Although this month takes a look at some of the titles I personally consider "essential Schwarzenegger" titles, I do heavily consider this particular title to be the one and only king of them. I would say 'True Lies' is my favorite, but if you want full Arnold, this is definitely the place to go. To put it another way, I'm fairly convinced this was the movie that really inspired the Rainier Wolfcastle character on 'The Simpsons'. Yes, he was obviously based on Arnold, but I think it's this particular Arnold they were going for.
For a quick plot synopsis, we open the film, and are eventually introduced to former Colonel John Matrix (Schwarzenegger). He is living a happy, retired life with his daughter, Jenny (Alyssa Milano). It's interrupted quickly, however, when his former superior Major General Franklin Kirby (James Olson) informs him that the members of his former unit have been killed by unknown mercenaries. Said mercs raid John's home and kidnap Jenny, lead by Bennett (Vernon Wells); an ex-member of John's team that was discharged for excessive violence.
John is eventually overpowered and captured, but this ends up being a big mistake. With his daughter's life on the line, John Matrix eventually manages to escape, and enlist the help of random off-duty flight attendant named Cindy (Rae Dawn Chong). Now John will stop at nothing to rescue his daughter, and put an end to Bennett and his henchmen. So basically what we have here is a no holds barred revenge plot involving the biggest action hero of the 80s in his prime. If someone was to ask me who Schwarzenegger is, I would tell them watch 'Commando', as I find it to be the quintessential Schwarzenegger movie.
If we think of him in a stereotypical light, I'd say this is the role that really shows it. He's muscle-bound, powerful, full of guns and ammo, shoots but never gets shot, he's got the accent, and above all else, some of the best one-liners of his career. That alone is what makes this movie so damn fun. it's not just a stereotype of an Arnie flick, it's a stereotype of an early action movie. It's got to be within the top 10, or maybe even top 5 action flicks of the 80s, and with good reason. This isn't something that keeps you on the edge of your seat so much as it makes you laugh along with it as well as cheer him on. It's cheesy, but it's what 80s action movies were all about.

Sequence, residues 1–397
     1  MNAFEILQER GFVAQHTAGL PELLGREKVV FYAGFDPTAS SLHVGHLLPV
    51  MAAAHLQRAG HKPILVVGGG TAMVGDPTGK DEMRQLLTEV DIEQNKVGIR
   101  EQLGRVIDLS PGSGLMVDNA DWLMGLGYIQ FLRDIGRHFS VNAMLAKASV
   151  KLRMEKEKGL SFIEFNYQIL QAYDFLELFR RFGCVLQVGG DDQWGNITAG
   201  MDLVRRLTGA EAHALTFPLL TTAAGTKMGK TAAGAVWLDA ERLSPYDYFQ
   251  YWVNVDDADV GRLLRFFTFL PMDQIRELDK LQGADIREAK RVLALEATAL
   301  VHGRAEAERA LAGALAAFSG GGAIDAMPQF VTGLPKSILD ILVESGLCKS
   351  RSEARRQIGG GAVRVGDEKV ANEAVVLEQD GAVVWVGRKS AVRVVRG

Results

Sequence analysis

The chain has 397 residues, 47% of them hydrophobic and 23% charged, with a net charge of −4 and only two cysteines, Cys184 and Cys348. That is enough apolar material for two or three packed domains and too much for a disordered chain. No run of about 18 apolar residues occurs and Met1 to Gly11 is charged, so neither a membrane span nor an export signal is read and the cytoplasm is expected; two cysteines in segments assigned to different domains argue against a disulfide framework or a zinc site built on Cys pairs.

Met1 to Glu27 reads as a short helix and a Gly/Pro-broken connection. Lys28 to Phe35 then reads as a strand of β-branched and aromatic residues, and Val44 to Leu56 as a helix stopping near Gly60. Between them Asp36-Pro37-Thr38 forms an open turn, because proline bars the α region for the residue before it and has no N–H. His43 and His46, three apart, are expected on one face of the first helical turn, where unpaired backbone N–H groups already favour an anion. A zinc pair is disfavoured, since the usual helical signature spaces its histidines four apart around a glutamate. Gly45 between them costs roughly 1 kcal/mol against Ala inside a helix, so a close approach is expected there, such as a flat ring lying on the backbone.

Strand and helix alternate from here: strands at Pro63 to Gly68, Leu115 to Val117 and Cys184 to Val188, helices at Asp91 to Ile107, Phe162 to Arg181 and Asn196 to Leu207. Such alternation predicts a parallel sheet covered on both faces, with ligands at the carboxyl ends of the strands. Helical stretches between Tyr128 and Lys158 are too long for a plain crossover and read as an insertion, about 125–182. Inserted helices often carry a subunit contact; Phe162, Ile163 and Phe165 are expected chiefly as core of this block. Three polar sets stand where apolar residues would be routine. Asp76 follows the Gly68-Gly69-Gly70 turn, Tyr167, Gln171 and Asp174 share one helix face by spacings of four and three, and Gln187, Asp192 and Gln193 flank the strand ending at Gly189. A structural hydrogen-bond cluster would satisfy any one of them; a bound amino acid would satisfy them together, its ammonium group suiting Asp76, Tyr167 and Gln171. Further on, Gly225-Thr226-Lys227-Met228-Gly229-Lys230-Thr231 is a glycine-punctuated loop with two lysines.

It would be fairly easy for someone to be new to this today and find that it hasn't aged well - but one should also know that's what makes it so good. In many ways, it captures the cheesy awesomeness that was 1980s action. Things were off the wall and dammit, we liked it like that. These are the same reasons I appreciate franchises like 'Fast & Furious' nowadays - yes, it's ridiculous, but sometimes reality isn't really asked for in these types of flicks. There's insulting the audience, but then there's just having fun with them, and that's what this does so incredibly well. It's an era of filmmaking I think a lot of us miss. They can get away with it now, sure, but it's not quite as tolerated as it used to be. This kind of thing, along with a lot of the corny 80s slashers, was just something to lose our minds and eat popcorn to.
Well, it's a short review, but there's not much more to say about it than what I keep saying about it already. It's just awesome, mindless fun, and a good laugh. If you're on the lookout for almost definitive films of the 80s, I would highly recommend this title as a place to turn. It is pure Schwarzenegger through and through, and the man might as well have been a golden statue back in the 80s representing the action genre. If that statue had to hold the film that best represented him, this would be my pick.
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